Eerie silence imposed on 2008 Tibet uprising anniversary

May 15, 2014 6:42 am0 commentsViews: 17

(TibetanReview.net, Mar 17, 2009) — China ensured that the first anniversary of the Mar 14 protest in Lhasa, which kicked off what turned out to be a Tibetan uprising, passed off without any incident, or, rather, reports of incidents, by banning foreigners from the Tibetan capital, massive new deployment of troops, cutting off or disrupting mobile and internet services, and ordering the closing down of shops, according to several news reports.

Troops in full battle dress patrolled Lhasa, which was largely silent amid the heavy security, reported the DPA news service Mar 14. It said the semi-official China News Service showed a photograph of two schoolchildren walking past a dozen soldiers in combat gear in the deserted Barkhor market street in the centre of Lhasa.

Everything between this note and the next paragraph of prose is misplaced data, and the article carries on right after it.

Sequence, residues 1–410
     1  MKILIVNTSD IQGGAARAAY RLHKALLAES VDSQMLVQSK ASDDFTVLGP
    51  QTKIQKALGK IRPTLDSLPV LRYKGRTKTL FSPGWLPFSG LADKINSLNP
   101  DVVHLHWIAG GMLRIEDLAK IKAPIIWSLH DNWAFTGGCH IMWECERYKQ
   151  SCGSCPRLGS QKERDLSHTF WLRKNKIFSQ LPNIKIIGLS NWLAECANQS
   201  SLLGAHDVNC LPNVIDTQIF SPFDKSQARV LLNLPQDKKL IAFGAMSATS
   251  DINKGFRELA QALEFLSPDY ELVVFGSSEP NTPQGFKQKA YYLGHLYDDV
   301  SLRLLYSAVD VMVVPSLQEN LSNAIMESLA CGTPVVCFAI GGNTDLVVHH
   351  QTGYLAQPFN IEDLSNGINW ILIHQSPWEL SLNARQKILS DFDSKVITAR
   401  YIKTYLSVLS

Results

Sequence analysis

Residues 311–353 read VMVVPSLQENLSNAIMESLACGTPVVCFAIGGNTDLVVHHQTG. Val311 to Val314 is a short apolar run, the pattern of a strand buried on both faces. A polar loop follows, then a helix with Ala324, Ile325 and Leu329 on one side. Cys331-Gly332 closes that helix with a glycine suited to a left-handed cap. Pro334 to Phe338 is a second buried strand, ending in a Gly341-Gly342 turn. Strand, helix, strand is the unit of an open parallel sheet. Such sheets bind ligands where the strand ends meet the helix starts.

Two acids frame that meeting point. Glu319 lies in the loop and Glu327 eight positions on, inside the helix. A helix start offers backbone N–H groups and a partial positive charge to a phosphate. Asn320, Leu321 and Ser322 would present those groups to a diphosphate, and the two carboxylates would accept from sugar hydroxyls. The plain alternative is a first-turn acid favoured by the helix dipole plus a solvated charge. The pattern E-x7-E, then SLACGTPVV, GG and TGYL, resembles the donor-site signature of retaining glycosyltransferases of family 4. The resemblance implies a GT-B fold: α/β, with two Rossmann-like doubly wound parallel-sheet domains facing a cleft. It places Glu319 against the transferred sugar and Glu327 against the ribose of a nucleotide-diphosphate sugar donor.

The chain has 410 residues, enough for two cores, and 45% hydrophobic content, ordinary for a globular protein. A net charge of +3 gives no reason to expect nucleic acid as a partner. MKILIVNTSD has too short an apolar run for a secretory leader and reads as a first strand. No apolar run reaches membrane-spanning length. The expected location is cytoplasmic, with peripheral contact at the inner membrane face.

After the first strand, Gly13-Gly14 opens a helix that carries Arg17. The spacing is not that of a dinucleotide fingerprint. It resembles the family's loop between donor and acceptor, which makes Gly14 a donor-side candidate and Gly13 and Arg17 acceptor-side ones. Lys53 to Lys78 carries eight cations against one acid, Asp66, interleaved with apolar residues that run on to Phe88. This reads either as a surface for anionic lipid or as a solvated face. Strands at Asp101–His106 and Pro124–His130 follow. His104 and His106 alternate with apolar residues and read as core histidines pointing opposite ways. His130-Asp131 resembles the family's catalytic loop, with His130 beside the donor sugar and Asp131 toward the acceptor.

The report also said the official government website www.tibet.cn showed four photographs, with two of them containing picture of about 30 Tibetan pilgrims, most of them prostrating themselves, in front of the Potala Palace and the Jokhang. However, the other two photos showed deserted streets outside rows of small shops.

The South China Morning Post (Hong Kong) mar 13 reported that security forces in Lhasa and other Tibetan-populated areas of China had conducted house-to-house searches for “suspicious characters.” It said, “Tensions were high … as armed police continued their door-to-door checks for overseas visitors or journalists.” And it added, “Major monasteries have been sealed and armed police patrol the city day and night.”

The DPA report said paramilitary police sealed off almost all Tibetan areas of China to foreign journalists and tourists since Mar 10 while the government had tightened border security, stepped up a propaganda drive and cut off some text-messaging and other mobile telephone services in Lhasa and other Tibetan areas.

Radio Netherlands online too reported Mar 15 that police patrols were intensified and many shops and bars were forced to close early in Lhasa. Extra security was also deployed in Chinese provinces inhabited by large numbers of Tibetans, it added.

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